Or – “This Just In… Former Captain America Steve Rogers Is Still Dead.”


Trust me… In the right context, that joke is hysterical. The good Captain has been gone for four issues now, but the threads that led to his assassination are still unraveling. Tony Stark and Natasha Romanov have a mole in their organization, Sam Wilson and Sharon Carter have no leads, and the Winter Soldier has murder in his heart. Add in a new Serpent Squad, Red Skull’s continuing battle for dominance of Aleksandr Lukin, as well as continuing drama about exactly WHO pulled the trigger on those fatal shots, and we’ve got a recipe for a strong act two. Call it “The Barnes Supremacy” if you like, just don’t call it late for dinner…

Previously, on Captain America: Thanks to a conspiracy consisting of the Red Skull, CA1.jpgDoctor Faustus, and possibly Arnim Zola, Sharon Carter has been hypnotized to kill the man she loves. Steve Rogers, Captain America has fallen, and his friends and former partners are having to come to terms with a Cap-free world. The Winter Soldier knows exactly who is to blame: the head of the group that botched the prisoner transfer in the first place, Tony Stark. Knowing that the Soldier is gunning for him, Stark has mobilized the Black Widow, perhaps his best field agent, and also a former lover of Winter Soldier’s. Sharon Carter, still under a posthypnotic suggestion keeping her from talking about her participation in the murder, has teamed up with The Falcon in an attempt to track down The Winter Soldier before he reaches Tony, but only find a Hydra listening post, and the reveal that Sin and King Cobra have been seeking information on SHIELD listening posts in the New York area. Why, you ask? Simple… The Serpent Squad wanted uniforms to make it easier to bust Crossbones out of SHIELD custody.


I’m glad that somebody remembered that there’s a new Cobra running about, and that Klaus has a new moniker. Either way, the snakes had full SHIELD uniforms and ID, including hologram generators to make their faces look right, but most frighteningly for Tony: one of his men just OPENED THE DOOR FOR HIM. Director Stark may be a bit of a controlling sociopath, but even I don’t want to see his innocent agents get killed. Tony inquires about the security staff that SHOULD have been on duty to stop the serpents, and the news isn’t any more encouraging…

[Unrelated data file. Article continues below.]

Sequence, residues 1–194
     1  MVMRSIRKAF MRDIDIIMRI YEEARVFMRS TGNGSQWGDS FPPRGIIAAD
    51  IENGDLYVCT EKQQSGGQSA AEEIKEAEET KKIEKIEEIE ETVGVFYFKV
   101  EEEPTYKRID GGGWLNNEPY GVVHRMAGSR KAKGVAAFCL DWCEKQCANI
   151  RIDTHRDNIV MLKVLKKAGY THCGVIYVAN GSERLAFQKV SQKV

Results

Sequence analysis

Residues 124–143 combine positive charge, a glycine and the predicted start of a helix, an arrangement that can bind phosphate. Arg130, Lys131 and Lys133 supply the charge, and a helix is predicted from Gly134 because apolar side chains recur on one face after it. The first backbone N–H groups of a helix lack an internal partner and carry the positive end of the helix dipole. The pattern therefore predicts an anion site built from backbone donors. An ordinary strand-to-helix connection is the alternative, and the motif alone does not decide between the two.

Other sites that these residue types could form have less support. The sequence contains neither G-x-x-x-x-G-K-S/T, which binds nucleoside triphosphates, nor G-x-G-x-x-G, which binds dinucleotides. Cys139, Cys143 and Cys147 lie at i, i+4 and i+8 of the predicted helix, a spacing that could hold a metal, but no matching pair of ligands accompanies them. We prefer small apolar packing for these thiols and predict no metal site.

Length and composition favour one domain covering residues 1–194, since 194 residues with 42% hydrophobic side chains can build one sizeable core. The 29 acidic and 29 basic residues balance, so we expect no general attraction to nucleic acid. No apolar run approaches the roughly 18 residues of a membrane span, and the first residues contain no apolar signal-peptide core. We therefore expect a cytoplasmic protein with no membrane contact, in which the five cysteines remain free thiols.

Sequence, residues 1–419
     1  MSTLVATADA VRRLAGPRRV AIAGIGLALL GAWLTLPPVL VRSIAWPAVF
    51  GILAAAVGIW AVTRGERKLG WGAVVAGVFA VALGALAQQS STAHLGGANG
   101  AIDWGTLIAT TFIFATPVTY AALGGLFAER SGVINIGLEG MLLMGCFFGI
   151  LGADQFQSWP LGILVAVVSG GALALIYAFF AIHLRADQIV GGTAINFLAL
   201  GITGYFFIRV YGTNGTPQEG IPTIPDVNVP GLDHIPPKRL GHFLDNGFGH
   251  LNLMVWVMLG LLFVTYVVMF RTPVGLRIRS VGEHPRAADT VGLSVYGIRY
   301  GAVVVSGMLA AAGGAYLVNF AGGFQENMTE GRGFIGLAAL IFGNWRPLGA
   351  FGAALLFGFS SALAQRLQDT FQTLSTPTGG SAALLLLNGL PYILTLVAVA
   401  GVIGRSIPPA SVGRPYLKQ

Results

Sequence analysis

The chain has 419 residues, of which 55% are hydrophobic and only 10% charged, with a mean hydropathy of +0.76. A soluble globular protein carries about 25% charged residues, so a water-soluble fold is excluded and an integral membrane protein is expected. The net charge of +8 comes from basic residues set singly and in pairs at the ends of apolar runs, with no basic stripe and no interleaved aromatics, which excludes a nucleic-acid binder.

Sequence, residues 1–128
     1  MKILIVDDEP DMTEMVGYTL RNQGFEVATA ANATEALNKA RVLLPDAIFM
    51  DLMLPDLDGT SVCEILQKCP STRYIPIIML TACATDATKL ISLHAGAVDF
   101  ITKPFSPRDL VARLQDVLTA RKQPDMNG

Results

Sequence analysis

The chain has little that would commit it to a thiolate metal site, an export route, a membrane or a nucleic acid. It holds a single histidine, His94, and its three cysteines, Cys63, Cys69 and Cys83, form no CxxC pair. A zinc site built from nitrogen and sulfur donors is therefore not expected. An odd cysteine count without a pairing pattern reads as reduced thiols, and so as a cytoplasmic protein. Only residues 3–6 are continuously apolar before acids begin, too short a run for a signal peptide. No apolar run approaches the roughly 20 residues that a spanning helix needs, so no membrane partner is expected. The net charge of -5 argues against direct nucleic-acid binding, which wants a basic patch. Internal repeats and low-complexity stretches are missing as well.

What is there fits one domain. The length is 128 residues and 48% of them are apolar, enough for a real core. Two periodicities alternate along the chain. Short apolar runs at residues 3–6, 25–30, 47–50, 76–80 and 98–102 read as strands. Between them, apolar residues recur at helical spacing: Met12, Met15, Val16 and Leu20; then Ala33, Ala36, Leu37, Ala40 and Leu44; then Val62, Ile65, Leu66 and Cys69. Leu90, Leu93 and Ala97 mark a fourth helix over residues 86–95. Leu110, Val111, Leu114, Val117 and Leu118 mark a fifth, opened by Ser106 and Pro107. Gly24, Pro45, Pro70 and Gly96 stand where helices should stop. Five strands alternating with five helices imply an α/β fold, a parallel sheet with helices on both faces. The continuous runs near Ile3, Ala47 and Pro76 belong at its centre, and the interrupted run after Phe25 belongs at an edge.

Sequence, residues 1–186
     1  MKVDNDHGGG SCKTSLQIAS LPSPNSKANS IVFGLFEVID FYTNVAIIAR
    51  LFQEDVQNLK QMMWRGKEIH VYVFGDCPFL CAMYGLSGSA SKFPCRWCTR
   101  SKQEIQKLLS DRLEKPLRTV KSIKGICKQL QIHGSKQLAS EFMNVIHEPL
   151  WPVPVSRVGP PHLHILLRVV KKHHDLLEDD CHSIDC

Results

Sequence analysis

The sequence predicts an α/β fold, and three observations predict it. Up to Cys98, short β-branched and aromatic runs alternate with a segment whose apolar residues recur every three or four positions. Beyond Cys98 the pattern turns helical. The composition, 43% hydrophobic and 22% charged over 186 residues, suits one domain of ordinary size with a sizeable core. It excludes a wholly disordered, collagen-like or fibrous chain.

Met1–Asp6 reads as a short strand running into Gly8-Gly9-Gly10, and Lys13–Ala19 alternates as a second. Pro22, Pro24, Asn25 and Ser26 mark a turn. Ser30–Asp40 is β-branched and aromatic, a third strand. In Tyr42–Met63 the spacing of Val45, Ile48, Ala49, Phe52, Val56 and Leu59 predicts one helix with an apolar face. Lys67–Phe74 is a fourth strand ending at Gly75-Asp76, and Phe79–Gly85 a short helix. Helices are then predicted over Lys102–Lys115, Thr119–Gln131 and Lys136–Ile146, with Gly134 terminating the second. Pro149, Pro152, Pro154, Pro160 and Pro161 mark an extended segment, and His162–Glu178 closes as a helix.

There’s no way around it: SHIELD has a mole. Tony is overworked already, but puts his feverish Extremis-infected brain to work on some sort of countermeasures. One agent he CAN count on is already in play, and the Black Widow busts heads across the city looking for any kind of lead on the former Bucky. Even though she knew Winter Soldier decades ago, she still can’t find even the thinnest thread that might lead her to her former lover. Natasha is frustrated, but she’s still a professional, and continues to rattle cages in an attempt to find out something meaningful.


“What do I know about this man?” she asks herself, and a subtle smile crosses her face… The object of her search is likewise racing across rooftops, irritated about the fact that Crossbones got away. “The Skull’s daughter and her new crew just grabbed him right out of their hands and left a trail of bodies behind… And if she knew WHO to target, that means Fury was RIGHT. That place is being poisoned from the inside out.” Winter thinks back to earlier that night, when he was forced to make one of the worst decisions of his life…


The Kronas Corporation, owned by General Lukin, the new host to the consciousness of the Red Skull. As a former Soviet soldier, he has little use for the face of the Nazi party, he has little use for Herr Schmidt in the first place, but sharing his brain has become untenable. “That isn’t what we agreed on, Skull… Our pact was HIGHLY specific in it’s details.” The Skull has a standard-issue pure evil response up his sleeve.


The Skull is surprised, when Lukin turns his mindscape against him, crushing the Skull under the Stalin statue’s bronze hand. “You won’t do a thing, Lukin!” says the Skull. “I know your part in this means too much to ever throw away. I know ALL your secret thoughts.” Lukin relents, even letting the Nazi up, and I wonder exactly what hidden machinations are in play here. This story gets more and more complex every issue, without feeling like it’s being drawn out (Might Avengers take note!) Across town, at another hidden AIM base, The Falcon and Sharon have busted in, searching for leads on the Winter Soldier. Falcon takes a stray energy blast, and proves that he is, indeed, a bad motha– Just talking ’bout Falcon!


Sam wades into the beekeepers again, cracking skulls as Sharon heads out to find the files they need. Racing down the hall, dodging bullets, Agent Carter takes out all the fighters, leaving her face to face with a lowly computer tech. She orders him away from the systems, but he stammers in panic. “Please… don’t kill me!” The fear in his eyes triggers a flashback, and once again Doctor Faustus’ mesmeric memory loop engages…